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Content management: drivers of effectiveness
Part 1: Building the strategy and getting the right people involved

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These results resonate with all the best practices APQC has uncovered over the past 20 years, which suggest that successful KM depends on articulating a clear strategy aligned with the strategic goals of the enterprise. However, embedding content management in a formal KM strategy also provides other benefits.

First, a comprehensive strategy is likely to be accompanied by vocal support from the C-suite, communication campaigns to raise awareness, training on when and how to use the tools, and rewards for early adopters—in short, all the features that are important to get employees on board and that are lacking in many IT-driven content initiatives. Second, most KM strategies situate content as one tool in a toolkit of approaches designed to connect people to information and expertise. Employees are more likely to see value if they view content as a jumping-off point to access related communities of practice, experts in the field and collaboration approaches.

Where should content management sit?

Because 40 percent of respondents thought their biggest problems related to organizational structure and accountability for content management, we took an in-depth look at the groups in charge of those approaches.

As Figure 3 (page 9, KMWorld Vol 23, Issue 7 or download PDF) shows, there’s no clear pattern in terms of where content management sits inside organizations. A little more than half the respondents assign content management to a central KM, content or IT group, whereas 28 percent allow each function or business unit to come up with its own solution. Sixteen percent said no one was in charge of content management, but aside from very small organizations, we suspect that those respondents either didn’t know who was in charge or felt that the group nominally responsible was not actually doing anything to proactively manage content.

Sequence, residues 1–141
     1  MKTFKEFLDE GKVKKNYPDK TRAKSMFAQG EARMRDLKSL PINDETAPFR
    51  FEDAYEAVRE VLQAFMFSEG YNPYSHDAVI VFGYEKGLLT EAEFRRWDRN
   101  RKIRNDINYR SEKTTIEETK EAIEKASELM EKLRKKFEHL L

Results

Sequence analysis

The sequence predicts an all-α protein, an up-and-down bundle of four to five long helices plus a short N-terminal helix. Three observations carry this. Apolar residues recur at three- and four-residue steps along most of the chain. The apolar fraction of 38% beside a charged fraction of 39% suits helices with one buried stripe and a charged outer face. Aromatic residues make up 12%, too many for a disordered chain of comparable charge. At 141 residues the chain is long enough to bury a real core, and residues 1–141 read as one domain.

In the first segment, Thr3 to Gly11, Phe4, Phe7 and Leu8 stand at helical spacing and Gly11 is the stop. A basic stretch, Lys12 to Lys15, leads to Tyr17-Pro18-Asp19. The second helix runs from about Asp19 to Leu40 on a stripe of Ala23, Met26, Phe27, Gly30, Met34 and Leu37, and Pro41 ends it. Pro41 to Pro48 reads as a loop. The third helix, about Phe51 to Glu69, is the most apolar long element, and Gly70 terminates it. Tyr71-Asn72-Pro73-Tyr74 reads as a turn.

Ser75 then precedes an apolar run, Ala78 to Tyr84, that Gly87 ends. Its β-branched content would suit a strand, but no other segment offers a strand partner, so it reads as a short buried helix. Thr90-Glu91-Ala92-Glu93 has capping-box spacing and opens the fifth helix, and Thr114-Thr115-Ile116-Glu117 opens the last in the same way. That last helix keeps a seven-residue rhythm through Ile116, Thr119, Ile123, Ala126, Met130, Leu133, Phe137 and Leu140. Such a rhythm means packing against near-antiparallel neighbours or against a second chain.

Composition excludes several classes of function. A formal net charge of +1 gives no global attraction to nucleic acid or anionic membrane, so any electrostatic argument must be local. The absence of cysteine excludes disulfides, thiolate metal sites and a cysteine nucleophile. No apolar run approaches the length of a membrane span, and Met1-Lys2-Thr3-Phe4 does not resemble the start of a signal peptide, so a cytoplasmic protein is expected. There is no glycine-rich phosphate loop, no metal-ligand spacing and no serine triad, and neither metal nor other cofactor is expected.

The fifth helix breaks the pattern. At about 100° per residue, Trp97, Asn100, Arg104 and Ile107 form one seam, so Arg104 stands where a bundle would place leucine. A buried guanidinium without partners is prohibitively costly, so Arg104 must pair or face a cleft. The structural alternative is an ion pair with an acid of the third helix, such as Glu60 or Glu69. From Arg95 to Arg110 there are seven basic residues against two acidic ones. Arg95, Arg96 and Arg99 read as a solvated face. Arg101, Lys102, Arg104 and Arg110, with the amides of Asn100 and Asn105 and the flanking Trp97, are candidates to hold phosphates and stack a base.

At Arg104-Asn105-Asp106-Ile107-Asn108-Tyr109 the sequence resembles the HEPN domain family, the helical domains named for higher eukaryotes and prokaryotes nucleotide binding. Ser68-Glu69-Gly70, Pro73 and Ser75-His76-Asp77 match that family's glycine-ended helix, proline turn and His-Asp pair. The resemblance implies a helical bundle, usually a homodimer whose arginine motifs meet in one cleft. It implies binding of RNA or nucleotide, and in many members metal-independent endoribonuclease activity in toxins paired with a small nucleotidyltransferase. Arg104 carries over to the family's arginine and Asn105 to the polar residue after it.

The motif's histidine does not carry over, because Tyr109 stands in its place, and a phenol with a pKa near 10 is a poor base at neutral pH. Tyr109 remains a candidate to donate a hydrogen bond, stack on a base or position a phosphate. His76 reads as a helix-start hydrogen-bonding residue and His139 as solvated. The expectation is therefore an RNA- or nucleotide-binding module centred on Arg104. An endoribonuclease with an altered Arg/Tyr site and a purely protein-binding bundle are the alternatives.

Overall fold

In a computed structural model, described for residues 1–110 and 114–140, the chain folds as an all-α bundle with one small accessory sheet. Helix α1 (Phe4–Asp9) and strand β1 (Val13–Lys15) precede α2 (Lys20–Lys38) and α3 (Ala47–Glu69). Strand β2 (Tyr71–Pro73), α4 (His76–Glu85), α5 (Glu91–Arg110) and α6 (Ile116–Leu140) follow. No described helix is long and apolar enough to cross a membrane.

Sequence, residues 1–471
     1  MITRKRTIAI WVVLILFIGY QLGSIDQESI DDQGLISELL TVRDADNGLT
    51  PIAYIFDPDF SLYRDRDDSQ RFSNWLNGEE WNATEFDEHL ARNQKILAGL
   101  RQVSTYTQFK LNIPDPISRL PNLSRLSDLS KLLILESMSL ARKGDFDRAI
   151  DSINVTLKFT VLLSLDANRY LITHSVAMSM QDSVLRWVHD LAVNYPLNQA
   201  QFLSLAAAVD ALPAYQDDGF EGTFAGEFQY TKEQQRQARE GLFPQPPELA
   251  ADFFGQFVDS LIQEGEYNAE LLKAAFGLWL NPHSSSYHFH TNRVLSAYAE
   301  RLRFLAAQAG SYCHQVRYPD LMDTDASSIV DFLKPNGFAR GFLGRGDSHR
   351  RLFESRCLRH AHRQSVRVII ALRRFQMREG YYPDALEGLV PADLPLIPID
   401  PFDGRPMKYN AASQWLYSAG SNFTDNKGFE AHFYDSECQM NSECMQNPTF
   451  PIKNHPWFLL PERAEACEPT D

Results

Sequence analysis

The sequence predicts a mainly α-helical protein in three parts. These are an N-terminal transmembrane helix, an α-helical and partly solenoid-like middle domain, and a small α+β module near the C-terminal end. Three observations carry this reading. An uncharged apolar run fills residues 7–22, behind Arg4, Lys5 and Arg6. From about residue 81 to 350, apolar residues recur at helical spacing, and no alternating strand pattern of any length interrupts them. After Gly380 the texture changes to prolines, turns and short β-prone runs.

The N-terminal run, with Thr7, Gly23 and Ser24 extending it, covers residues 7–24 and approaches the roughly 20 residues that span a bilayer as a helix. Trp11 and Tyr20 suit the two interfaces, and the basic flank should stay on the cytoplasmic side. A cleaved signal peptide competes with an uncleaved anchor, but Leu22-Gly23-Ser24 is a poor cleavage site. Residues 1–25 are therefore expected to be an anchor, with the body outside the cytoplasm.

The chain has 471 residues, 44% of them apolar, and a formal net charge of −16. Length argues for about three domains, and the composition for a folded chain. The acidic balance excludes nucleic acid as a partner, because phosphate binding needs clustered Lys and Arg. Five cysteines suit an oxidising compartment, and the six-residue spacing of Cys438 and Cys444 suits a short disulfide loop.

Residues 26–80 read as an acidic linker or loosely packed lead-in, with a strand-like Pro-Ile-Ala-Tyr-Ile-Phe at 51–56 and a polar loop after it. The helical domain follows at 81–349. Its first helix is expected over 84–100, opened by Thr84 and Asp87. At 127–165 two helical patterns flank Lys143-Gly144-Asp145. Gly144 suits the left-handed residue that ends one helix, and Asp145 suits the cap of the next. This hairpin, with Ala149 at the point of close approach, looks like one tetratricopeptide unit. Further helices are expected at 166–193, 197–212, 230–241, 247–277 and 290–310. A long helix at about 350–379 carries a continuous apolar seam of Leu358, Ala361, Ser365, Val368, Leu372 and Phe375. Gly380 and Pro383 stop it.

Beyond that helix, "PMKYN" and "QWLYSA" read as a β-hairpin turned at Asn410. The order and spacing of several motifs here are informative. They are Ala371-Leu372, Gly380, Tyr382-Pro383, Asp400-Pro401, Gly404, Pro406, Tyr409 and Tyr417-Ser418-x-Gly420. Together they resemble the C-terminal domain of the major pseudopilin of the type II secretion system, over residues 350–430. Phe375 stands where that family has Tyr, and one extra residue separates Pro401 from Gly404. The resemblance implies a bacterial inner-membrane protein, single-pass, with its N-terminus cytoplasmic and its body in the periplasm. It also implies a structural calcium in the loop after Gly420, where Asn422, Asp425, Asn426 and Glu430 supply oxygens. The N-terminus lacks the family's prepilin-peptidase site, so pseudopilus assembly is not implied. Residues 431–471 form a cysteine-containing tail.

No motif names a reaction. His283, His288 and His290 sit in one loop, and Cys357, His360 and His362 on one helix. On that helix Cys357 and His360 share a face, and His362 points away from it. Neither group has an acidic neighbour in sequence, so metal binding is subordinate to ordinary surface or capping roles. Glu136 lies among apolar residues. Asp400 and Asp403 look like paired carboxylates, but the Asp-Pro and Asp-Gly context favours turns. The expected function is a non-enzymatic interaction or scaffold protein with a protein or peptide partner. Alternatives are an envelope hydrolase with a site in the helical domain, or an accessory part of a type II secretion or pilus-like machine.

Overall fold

When we compared the data on content management ownership with the overall effectiveness of organizations’ approaches, some themes started to emerge. Firms where central KM teams are responsible for content management rated themselves as most effective, with central content management teams and central IT teams receiving about equal scores in terms of effectiveness. That makes sense given the benefits associated with making content management part of a formal KM strategy.

However, organizations with any form of centralized content management were more than twice as likely to be effective than peers with decentralized solutions handled by functions and business units (see Figure 4, page 10 KMWorld Vol 23, Issue 7 or download PDF). Obviously, a unified approach that standardizes processes and leverages economies of scale carries significant advantages, no matter who administers it.

Not surprisingly, organizations where no one was in charge of content management received the lowest effectiveness ratings, proving that even the wrong owner is better than no owner at all.

Who should be involved?

When talking to organizations about knowledge and content management, one of the most common questions we’re asked is: How big a staff do I need to do this right? Unfortunately, there’s no straight answer, as evidenced by the survey results.

Some baseline staff requirements do appear to exist depending on the size of the work force served by the content management approach. For example, organizations with fewer than 1,000 employees tend to rate their approaches as more effective when they have at least three full-time equivalent (FTE) employees (i.e., 40-hour-per-week roles) for content management. Firms with 1,000 to 10,000 employees see a slight bump in effectiveness when they allocate at least five FTEs. Among organizations with more than 10,000 employees, effectiveness increases when there are 10 or more FTEs dedicated to content management.

However, those relationships between staff size and effectiveness are not consistent, and results vary widely by industry and the specific processes involved. Working directly with organizations, we have seen some achieve great results with a bare-bones staff, and others struggle despite large teams. We encourage organizations with less than effective content management to start by refining their strategies and engaging users, adding headcount only if there is a clear need.

To that end, many more people are involved in content management than the few who directly administer the tools and processes. As part of the survey, we asked people which stakeholders inside their organizations were actively involved in identifying content gaps, assessing the breadth and depth of content, and ensuring it is accurate and up-to-date. The options included both groups—such as KM and content management teams, functions and business units, and communities of practice—and individuals—such as people and project managers, process owners, subject matter experts and employees who submit content.

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